Then, once you have a tentative menu, it's time to consider your own convenience. If you prize ease of preparation and good keeping qualities, and if price is no object, big outfitters like Campmor stock a wide range of "no-cook" or "quick-cook" freeze-dried and dehydrated meals. These make good exigency stores — they're the backcountry counterpart to the TV dinner. It pays to taste-test your choices at home or on short trips before relying on them for a three-month-long expedition, however. The same is true of MREs (Meals Ready to Eat), the modern military quartermaster's response to Napoleon's famous observation that all armies travel on their stomachs. Widely available from outfitters and surplus stores, MREs are undoubtedly an improvement over the C-rations that preceded them, but they're far from perfect. MREs are heavier than freeze-dried meals, for one thing, and they're no less costly. Still, they can be eaten as is, hot or cold, with no more preparation than opening the pouch. Or not eaten. And that's the rub. While hunger is reputedly the best of sauces, MREs aren't everyone's idea of a happy meal. Be sure you try a few before you order a case lot — and just to be safe, invite your paddling buddies to dinner when you do.

Is the easy option too limiting? Too institutional? Too costly? No problem. There are plenty of economical alternatives for creative cooks, and you'll find them as close as the shelves of your local HyperMart. Examples abound. Instant couscous only needs to be stirred into boiling water, covered, removed from the flame, and allowed to sit for a few minutes before it's ready to eat. Measure dry couscous out into portion-sized quantities, store in doubled plastic bags, and you've got the start of many a filling meal. Add flavor by stirring instant soup mix or bouillon cubes into the water as it comes to a boil, just before you add the couscous. Then beef it up with jerky, or add precooked chicken or beef from retort packets. Want a vegetarian alternative? Look for TVP (texturized vegetable protein) and freeze-dried or dehydrated veggies in food co-ops and health-food stores. (Add these to the water at the start, however — before you put the pot on the fire.)

Want something that's really easy to prepare? Don't overlook concentrated, calorie-rich foods like hardtack, cereal bars, hard candies, dried fruits, and chocolate. (A hint: Chocolate chips and semisweet baker's chocolate keep better than most chocolate bars.) Individual packets of instant oatmeal are worth considering, too. They're not just for breakfast. In fact, Farwell eats oatmeal for lunch all winter. Oatmeal fuels his engine for the long, cold, bicycle ride from his St. Lawrence valley office back into the Adirondack foothills. One packet probably won't be enough for a hungry paddler, though. Farwell suggests a minimum of two per meal. This sort of thing isn't gourmet fare, of course, but it gives you just the boost you need when you're exhausted, or when the weather is simply too foul to permit elaborate cooking.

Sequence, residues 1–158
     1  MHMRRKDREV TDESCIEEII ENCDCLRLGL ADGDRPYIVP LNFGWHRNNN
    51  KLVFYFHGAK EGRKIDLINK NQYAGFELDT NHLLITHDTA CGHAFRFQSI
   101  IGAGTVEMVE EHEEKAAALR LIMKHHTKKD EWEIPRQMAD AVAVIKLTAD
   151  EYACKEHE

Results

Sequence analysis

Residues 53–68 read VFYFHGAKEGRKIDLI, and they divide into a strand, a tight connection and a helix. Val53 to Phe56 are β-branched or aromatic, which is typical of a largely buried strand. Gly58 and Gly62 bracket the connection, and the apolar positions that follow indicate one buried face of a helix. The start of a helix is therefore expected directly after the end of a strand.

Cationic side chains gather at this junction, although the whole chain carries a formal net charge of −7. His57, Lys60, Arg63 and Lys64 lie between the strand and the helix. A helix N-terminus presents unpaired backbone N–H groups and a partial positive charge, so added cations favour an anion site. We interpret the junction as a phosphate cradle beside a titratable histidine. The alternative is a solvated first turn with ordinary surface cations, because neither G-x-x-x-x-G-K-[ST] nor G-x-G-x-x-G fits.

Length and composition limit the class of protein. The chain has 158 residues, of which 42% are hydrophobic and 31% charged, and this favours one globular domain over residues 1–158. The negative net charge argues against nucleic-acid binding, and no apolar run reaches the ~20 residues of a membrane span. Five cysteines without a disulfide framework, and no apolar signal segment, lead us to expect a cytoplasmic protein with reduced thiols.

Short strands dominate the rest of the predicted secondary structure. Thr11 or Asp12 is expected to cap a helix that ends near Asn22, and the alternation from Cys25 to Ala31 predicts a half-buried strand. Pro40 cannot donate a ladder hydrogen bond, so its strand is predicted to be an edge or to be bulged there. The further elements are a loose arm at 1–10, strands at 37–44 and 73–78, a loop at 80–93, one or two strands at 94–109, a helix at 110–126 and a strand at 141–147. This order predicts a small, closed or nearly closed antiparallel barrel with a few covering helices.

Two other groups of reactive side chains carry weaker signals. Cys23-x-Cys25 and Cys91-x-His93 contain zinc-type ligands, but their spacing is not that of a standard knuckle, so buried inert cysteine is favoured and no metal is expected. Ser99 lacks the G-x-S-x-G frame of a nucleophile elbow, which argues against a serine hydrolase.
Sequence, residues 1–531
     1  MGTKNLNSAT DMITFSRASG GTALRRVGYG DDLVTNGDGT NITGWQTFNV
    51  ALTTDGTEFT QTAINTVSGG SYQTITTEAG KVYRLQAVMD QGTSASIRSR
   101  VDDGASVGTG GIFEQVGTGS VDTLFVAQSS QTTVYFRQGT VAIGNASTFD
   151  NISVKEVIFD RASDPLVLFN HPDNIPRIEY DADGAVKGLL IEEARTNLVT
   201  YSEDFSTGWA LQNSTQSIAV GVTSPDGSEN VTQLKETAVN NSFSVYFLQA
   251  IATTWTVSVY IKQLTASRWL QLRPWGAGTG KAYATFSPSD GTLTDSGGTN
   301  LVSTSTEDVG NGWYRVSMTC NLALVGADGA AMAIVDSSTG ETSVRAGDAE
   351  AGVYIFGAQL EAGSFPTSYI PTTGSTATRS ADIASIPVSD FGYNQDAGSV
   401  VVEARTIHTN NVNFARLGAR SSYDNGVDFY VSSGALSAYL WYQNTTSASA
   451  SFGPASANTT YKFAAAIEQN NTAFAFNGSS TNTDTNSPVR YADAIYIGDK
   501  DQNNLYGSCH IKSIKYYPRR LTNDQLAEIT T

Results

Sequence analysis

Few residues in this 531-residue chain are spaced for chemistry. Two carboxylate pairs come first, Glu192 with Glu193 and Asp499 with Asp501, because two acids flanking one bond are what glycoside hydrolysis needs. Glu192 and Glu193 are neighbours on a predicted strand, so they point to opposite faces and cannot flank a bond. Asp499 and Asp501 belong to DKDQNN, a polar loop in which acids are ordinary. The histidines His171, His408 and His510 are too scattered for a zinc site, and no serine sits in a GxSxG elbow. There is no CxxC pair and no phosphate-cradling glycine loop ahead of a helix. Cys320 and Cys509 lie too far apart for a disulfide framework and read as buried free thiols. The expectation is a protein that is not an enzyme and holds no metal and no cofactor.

Beverages are also important. Remember Jerome K. Jerome's words in Three Men in a Boat? Pack "only what you need — …enough to eat and enough to wear, and a little more than enough to drink; for thirst is a dangerous thing." This is very good advice. Instant cocoa was once a staple food on polar expeditions. It's still a welcome addition to exigency stores. And while neither tea nor instant coffee contributes any calories to your diet, many paddlers find that these old favorites banish fatigue and lift spirits. I, for one, am not fit company if I don't have my breakfast java, and that's no jive. Fruit-flavored drink powders have their fans, as well. Since they're not made with boiling water, however, and since you probably won't want to drink the stuff you're paddling in, you'd better be sure you have a way to disinfect what's under your keel. In any case, it's not always easy to build a fire to "bile the kettle," especially when the wind is blowing a gale and the rain is lashing down.

OK. Once you've assembled your chosen foods and stripped them of any excess packaging, only one job remains. You have to…

Stow It

It's not a bad idea to segregate your exigency stores in doubled, heavy-duty plastic bags, or in one or more vinyl and fabric dry bags, if regular food-storage bags aren't large enough. Mark these bags clearly to discourage anyone who might be tempted to "borrow" from the emergency rations under way. It's no fun to find the cupboard bare just when you most need a meal, is it?

Now relax. You've planned for the times when things don't go according to plan. Putting it another way, you've made your own luck. Enjoy!

Assuming that you have a can opener — or anything else — only works for economists. (And not very well, at that.) Canoeists and kayakers just can't conjure up extra food from nowhere, whether or not they have real can openers in their packs, not even if they're economists during the workweek. The remedy? Expect exigencies and be ready for them. Put extra food by for a rainy day, a second night in that perfect campsite you didn't expect to find, or a short stay on a desert island you simply can't resist exploring. You won't be sorry that you did.

Copyright 2006 by Verloren Hoop Productions. All rights reserved.